Author + information
- Received January 19, 1994
- Revision received June 1, 1994
- Accepted June 13, 1994
- Published online November 15, 1994.
- Laurent Sebbag, MDa,
- Rémi Forrat, MDa,
- Emmanuelle Canet, DVMa,
- Serge Renaud, PhDa,
- Jacques Delaye, MD∗ and
- Michel de Lorgeril, MD∗,a
- ↵∗Address for correspondence: Dr. Michel de Lorgeril, INSERM U.63, 22 avenue Doyen Lépine, 69500 Bron, France.
Objectives. We investigated whether dietary supplementation with the antioxidant vitamin alpha-tocopherol (500 mg daily) might reduce lethal ventricular arrhythmias and infarct size.
Background. Previous studies suggested that dietary supplementation with alpha-tocopherol may be associated with a reduced risk of ischemic heart disease. However, the mechanism of this protection remains unknown.
Methods. Beagle dogs were randomized to either a supplemented or a control group. Because of the low mortality rate in the supplemented group, five dogs were added to the control group. After 2 months, dogs were anesthetized and underwent a 2-h coronary artery occlusion and 6-h reperfusion. Plasma vitamin E, retinol and malondialdehyde concentrations were assessed in all dogs.
Results. Fourteen dogs (11 of 25 control vs. 3 of 19 supplemented dogs, p < 0.05) developed ventricular fibrillation during either ischemia or reperfusion. Malondialdehyde concentrations were higher in dogs that subsequently developed arrhythmias (2.7 ± 0.2 μmol/liter, mean ± SEM) compared with dogs that did not (2.1 ± 0.2 μmol/liter, p = 0.03). Among survivors with significant ischemia, infarct size was larger in supplemented (n = 12, 58.5 ± 3.3% of area at risk) than in control (n = 11, 41.9 ± 6.5%, p < 0.04) dogs. In addition, for a given collateral flow, supplemented dogs (n = 16) developed larger infarct size than control dogs (n = 15, p < 0.001, analysis of covariance).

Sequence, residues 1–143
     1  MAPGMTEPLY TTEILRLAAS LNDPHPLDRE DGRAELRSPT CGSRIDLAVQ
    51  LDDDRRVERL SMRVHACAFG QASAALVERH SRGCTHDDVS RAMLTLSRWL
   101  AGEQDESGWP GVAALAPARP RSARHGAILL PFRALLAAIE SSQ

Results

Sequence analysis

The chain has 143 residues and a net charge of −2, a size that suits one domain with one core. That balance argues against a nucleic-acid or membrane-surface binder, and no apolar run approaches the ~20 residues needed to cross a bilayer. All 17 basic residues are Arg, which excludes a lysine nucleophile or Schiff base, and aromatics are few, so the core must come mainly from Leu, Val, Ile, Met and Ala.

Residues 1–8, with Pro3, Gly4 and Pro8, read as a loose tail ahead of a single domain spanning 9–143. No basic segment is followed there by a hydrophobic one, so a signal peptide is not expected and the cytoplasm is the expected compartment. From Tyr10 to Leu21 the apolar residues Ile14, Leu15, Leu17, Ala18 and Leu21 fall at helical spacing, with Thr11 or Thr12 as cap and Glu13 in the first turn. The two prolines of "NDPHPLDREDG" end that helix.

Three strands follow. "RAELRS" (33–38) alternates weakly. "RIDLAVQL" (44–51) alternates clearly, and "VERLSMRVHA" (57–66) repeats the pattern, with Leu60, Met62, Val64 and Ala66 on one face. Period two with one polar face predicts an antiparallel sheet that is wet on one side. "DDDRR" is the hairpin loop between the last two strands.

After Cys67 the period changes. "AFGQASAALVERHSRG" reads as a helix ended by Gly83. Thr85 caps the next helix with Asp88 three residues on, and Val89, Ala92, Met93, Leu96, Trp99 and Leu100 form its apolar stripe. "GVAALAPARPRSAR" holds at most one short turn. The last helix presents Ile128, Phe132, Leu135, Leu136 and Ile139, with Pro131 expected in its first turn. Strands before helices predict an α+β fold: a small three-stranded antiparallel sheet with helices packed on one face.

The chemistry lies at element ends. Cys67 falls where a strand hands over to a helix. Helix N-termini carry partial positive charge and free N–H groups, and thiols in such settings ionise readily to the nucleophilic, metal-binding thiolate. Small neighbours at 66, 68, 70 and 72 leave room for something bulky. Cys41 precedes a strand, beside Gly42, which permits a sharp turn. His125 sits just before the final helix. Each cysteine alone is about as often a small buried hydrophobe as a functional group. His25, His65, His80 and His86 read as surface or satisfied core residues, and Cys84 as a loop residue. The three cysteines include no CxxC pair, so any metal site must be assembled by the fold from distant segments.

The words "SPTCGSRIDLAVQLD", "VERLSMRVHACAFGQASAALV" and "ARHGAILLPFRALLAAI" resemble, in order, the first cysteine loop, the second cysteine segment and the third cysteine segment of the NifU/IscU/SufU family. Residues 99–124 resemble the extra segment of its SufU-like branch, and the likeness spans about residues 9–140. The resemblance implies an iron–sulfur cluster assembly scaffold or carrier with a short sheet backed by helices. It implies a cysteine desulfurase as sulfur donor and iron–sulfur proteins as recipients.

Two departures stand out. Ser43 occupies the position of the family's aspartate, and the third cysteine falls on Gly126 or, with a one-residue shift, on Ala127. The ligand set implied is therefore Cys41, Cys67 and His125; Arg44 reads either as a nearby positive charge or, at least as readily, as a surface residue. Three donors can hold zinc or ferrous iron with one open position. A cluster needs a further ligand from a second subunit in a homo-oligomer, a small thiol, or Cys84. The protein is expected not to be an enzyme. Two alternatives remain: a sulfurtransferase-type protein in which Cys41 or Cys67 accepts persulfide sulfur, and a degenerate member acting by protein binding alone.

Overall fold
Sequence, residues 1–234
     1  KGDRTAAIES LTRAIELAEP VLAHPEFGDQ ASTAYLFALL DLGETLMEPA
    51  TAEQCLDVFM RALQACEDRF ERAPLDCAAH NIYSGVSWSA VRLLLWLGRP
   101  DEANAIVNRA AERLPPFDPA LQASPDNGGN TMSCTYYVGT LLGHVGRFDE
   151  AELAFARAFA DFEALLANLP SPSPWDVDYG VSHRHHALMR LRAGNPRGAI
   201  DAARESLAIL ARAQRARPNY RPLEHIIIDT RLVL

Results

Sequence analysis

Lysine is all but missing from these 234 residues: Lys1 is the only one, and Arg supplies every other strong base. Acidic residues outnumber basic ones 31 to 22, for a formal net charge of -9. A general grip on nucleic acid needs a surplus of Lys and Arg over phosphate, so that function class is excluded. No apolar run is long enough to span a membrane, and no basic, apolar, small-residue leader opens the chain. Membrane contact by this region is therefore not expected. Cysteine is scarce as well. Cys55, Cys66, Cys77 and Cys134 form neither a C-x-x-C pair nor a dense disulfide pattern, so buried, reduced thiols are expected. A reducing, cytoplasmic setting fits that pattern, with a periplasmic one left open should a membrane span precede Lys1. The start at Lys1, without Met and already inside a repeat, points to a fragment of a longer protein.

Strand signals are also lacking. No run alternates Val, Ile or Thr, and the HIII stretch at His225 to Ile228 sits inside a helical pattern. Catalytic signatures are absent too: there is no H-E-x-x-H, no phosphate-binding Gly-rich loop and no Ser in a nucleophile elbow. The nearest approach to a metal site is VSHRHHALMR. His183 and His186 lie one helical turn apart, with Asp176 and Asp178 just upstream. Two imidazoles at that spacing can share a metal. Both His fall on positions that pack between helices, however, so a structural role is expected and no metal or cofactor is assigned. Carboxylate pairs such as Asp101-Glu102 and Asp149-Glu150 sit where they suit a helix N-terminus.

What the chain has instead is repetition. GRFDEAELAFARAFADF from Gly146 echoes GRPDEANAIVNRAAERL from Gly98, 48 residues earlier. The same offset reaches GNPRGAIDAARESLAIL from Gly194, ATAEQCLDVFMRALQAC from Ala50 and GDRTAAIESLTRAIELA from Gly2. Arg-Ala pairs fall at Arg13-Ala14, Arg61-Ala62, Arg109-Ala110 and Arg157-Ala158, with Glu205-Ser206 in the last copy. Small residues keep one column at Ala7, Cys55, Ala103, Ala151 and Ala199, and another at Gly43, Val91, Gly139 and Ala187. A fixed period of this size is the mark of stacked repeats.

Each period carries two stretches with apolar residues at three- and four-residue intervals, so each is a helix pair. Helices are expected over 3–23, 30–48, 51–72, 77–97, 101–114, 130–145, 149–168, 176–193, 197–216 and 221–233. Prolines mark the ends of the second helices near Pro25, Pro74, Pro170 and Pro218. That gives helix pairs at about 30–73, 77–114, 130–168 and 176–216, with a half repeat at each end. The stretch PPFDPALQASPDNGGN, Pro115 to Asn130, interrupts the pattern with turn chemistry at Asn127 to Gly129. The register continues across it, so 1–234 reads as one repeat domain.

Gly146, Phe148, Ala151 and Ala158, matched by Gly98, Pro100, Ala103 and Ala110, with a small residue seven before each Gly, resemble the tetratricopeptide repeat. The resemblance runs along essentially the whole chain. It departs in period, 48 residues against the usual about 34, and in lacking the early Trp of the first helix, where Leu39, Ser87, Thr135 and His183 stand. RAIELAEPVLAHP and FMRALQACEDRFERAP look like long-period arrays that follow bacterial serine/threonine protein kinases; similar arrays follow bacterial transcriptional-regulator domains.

Conclusions. The data suggest that dietary alpha-tocopherol supplementation prevented lethal ventricular arrhythmias associated with ischemia and reperfusion. However, its influence on infarct size and long-term prognosis warrants further investigation.
☆ This study was supported in part by grants from INSERM and Lyon Pharmaceutique Laboratory, Lyon, France.
- Received January 19, 1994.
- Revision received June 1, 1994.
- Accepted June 13, 1994.
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